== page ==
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infertility

Is human embryo research the key to treating infertility?

Human embryo research remains controversial in many places around the world, including in the United States. Public funding, and sometimes the research itself, is often prohibited, according to experts who are calling for accelerated research.

“This state of affairs hampers the acquisition of new insights into the intricate process of early human development,” write Eli Adashi and Rajiv McCoy in the journal EMBO Reports. “More importantly, translational breakthroughs intent on improving infertility care are being delayed. Patients afflicted with infertility deserve better.”

Adashi is a professor of medical science and former dean of medicine and biological sciences at Brown University, and McCoy is a genome sciences postdoctoral fellow at the University of Washington.

Successful IVF

The healthy development of an embryo created through in vitro fertilization (IVF) depends on whether most, if not all, of the cells have the proper number of chromosomes.

In theory, pre-implantation genetic screening (PGS) technology, lets doctors spot-check chromosome count before choosing which embryo to implant in the mother.

Adashi and McCoy report, however, that PGS has serious limitations that can only be overcome with more human embryo research, even as they acknowledge the controversy surrounding that research.

“…breakthroughs intent on improving infertility care are being delayed. Patients afflicted with infertility deserve better.”

What doctors and hopeful parents want to see in PGS is 46 chromosomes—two pairs of 23—a normal state of affairs called “euploidy.” An abnormal number, or “aneuploidy,” could signal a fatal flaw in early development.

In 2013 in the United States, more than 15 percent of IVF pregnancies ended in miscarriage, often because of aneuploidy, according to the article. The miscarriage rate rises quickly with maternal age, as does the rate of aneuploidy.

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Hoping to prevent a bitter loss, a growing percentage of infertility patients using IVF have turned to PGS. But as Adashi and McCoy report, PGS has yielded mixed results.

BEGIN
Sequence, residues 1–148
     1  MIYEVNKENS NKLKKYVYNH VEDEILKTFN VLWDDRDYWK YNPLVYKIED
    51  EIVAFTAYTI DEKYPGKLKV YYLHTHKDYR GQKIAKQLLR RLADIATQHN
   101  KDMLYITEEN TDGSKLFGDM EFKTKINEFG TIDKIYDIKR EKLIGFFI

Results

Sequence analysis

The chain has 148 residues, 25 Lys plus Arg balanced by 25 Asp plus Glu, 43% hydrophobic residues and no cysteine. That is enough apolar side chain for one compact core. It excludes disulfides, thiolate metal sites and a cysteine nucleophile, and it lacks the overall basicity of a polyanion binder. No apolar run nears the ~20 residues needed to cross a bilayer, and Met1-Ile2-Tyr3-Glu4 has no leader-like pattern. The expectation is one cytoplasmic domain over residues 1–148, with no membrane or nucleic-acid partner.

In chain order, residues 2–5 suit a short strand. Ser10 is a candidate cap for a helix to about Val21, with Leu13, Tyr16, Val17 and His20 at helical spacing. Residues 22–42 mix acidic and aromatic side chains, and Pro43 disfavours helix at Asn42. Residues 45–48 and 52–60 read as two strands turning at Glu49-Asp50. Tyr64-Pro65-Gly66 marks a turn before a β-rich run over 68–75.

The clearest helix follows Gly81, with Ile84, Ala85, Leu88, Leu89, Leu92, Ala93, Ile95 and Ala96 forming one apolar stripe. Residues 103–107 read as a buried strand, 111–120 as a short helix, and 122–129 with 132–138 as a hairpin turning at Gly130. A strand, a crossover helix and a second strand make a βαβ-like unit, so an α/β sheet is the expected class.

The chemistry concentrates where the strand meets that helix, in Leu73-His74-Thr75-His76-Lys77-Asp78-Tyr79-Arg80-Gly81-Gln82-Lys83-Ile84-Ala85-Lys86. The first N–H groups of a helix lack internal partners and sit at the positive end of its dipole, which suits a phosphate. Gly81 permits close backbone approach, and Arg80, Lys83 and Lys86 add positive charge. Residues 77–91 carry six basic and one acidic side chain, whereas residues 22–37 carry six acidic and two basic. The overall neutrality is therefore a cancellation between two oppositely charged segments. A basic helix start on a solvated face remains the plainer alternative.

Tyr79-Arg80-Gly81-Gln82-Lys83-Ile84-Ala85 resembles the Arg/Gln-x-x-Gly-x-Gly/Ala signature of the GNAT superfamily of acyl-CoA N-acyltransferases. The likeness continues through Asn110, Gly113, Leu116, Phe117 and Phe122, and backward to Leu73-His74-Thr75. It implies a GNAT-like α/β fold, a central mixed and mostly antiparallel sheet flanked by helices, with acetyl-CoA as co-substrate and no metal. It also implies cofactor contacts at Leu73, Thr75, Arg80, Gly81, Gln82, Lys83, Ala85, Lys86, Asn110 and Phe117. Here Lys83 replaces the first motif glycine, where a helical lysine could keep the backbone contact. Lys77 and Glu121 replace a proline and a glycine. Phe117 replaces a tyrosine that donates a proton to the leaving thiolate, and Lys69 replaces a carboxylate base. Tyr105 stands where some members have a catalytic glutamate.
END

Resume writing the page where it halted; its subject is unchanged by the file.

Sometimes it has predicted the doom of embryos that became healthy children, and in the small studies conducted so far, there has been mixed evidence that its use leads to a greater likelihood of a successful pregnancy. “The impact of PGS on the outcome of assisted reproduction remains uncertain.”

The problem with PGS, researchers say, stems from how little doctors and scientists really know about the complex process of early embryo development. There are two main sources of aneuploidy—the original cell division that creates an egg cell, called meiosis, and the division of cells in the growing embryo, called mitosis.

The first cause, because it occurs in one of the two sex cells that form an embryo, is especially serious and is known to increase with maternal age. Errors in mitosis will affect some but rarely all the cells in an embryo.

In most applications of PGS, doctors sample genetic material from several cells on the outer edge of a five-day old embryo, called a blastocyst. If that yields evidence of aneuploidy, the test usually still can’t discern whether it’s meiotic, in which case all cells could be affected, or mitotic, in which only a few might be (creating a “mosaic” of ploidy).

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Among the many things doctors don’t know is what ploidy status they would find if they could safely look elsewhere in the embryo, including its inner cells. Finally, they don’t understand yet why some mosaic embryos will succeed and others will not.

“Such insights may improve the diagnosis and selection of healthy embryos through PGS and hopefully will lead to the development of new technologies,” the authors write.

Source: Brown University

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